Resetting your tcp/ip Stack (on windows 2000 and higher)

If you ever mange to screw up your IP Stack on Windows how to fix it? Well one way is to remove the protocol from all the network cards and then possibly also your network cards and adding them again (after rebooting of course). Alternatively, depending on your OS version you could apply a service pack. Also, in Windows XP, the TCP/IP stack is considered a core component of the operating system, and you cannot remove TCP/IP. Therefore, when you view the list of components for a network interface, you may notice that the Uninstall button is disabled when Internet Protocol (TCP/IP) is selected. In extreme cases, the best solution for this issue may be to reinstall the Internet Protocol stack. But with the NetShell utility, you can reset the TCP/IP stack to restore it to its state that existed when the operating system was installed. Here is the command you run in a command prompt:

netsh int ip reset some_log_file.txt

What does it do? The NetShell utility (netsh) is a command-line scripting interface for configuring and monitoring Windows XP networking. This tool provides an interactive network shell interface to the user. In XP, a reset command is available in the IP context of the NetShell utility. When you run the reset command, it rewrites pertinent registry keys that are used by the Internet Protocol (TCP/IP) stack to reach the same result as the removal and the reinstallation of the protocol. The registry keys that are used are:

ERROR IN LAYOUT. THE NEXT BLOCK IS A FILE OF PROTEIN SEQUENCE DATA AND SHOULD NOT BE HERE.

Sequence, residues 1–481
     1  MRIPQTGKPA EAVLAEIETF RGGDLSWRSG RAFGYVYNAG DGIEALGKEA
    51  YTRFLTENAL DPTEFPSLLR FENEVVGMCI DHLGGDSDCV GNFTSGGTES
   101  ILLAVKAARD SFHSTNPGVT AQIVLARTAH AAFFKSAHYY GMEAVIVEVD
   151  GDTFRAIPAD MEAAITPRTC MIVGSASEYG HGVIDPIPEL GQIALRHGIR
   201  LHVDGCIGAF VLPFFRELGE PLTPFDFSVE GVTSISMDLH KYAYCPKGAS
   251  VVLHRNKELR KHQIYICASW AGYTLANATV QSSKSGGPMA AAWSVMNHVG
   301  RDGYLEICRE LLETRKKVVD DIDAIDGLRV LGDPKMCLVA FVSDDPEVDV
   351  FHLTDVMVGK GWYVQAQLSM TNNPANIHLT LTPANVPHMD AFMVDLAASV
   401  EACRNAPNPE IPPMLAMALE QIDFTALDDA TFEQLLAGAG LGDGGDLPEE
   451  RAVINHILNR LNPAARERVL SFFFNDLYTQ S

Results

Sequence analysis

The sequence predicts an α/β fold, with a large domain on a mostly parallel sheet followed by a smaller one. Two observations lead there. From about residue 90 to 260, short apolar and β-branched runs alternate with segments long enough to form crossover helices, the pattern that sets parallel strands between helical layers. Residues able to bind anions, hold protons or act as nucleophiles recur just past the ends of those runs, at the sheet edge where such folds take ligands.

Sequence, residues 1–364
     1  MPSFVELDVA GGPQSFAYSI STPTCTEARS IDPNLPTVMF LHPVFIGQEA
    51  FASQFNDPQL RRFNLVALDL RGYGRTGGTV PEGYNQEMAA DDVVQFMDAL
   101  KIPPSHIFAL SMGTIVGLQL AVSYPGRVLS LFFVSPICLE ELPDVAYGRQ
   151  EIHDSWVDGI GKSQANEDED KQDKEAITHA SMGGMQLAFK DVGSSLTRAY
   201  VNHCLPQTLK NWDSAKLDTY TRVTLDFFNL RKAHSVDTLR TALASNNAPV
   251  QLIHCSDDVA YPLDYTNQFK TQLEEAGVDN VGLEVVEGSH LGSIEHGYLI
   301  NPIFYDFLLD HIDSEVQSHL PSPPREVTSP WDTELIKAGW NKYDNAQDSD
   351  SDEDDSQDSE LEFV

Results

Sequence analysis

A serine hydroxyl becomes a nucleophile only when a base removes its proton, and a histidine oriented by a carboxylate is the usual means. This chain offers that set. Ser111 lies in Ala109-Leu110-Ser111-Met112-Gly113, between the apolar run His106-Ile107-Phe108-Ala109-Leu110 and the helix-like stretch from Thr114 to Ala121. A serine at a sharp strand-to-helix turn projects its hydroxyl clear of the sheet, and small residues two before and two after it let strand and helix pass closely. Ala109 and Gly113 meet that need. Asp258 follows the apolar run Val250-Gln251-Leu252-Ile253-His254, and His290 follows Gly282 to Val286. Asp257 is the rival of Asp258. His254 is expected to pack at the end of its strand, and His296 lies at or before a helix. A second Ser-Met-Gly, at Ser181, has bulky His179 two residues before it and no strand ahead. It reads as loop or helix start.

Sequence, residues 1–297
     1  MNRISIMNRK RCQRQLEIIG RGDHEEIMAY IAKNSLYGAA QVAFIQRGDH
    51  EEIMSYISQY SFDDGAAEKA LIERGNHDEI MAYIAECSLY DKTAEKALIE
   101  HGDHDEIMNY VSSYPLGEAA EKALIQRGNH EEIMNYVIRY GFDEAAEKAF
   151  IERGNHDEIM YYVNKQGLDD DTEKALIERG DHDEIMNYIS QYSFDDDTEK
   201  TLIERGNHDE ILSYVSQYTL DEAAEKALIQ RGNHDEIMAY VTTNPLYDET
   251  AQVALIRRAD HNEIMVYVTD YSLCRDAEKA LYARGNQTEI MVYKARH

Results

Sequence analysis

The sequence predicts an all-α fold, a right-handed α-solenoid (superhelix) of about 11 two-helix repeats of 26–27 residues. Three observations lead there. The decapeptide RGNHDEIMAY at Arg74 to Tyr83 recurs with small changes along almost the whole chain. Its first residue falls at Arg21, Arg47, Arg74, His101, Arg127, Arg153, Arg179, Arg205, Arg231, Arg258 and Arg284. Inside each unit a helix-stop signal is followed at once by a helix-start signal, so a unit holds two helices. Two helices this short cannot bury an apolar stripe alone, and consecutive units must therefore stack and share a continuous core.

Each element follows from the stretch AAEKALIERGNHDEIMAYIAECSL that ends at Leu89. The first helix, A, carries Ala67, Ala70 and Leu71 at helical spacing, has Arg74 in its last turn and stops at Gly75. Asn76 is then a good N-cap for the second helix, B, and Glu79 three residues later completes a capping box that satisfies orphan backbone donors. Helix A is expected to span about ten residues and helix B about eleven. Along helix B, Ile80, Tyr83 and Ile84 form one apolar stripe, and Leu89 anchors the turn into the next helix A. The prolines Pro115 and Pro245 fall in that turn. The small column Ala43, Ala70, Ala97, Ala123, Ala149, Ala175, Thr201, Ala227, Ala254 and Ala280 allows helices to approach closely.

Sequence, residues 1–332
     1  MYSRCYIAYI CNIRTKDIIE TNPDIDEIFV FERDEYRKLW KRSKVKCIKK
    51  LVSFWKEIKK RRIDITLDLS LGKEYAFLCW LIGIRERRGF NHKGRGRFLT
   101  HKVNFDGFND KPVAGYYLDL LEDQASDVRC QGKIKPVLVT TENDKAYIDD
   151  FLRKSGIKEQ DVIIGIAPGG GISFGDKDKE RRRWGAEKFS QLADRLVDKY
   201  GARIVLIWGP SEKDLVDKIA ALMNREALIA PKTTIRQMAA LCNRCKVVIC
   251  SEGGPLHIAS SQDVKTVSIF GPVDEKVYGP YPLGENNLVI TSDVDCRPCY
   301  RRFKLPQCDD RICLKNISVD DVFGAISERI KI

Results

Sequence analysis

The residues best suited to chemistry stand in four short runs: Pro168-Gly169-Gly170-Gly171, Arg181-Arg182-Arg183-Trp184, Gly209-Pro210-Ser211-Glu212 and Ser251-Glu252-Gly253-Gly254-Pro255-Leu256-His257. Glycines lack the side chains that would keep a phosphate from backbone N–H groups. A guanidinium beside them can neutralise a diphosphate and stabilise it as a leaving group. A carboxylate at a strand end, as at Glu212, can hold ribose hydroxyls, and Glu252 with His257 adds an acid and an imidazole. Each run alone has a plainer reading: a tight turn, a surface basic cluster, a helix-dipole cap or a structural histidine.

SYSTEM\CurrentControlSet\Services\Tcpip\Parameters\
SYSTEM\CurrentControlSet\Services\DHCP\Parameters\

More Information: http://tinyurl.com/5llr5

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Amit Bahree

This blog is my personal blog and while it does reflect my experiences in my professional life, this is just my thoughts. Most of the entries are technical though sometimes they can vary from the wacky to even political – however that is quite rare. Quite often, I have been asked what’s up with the “gibberish” and the funny title of the blog? Some people even going the extra step to say that, this is a virus that infected their system (ahem) well. [:D] It actually is quite simple, and if you have still not figured out then check out this link – whats in a name?

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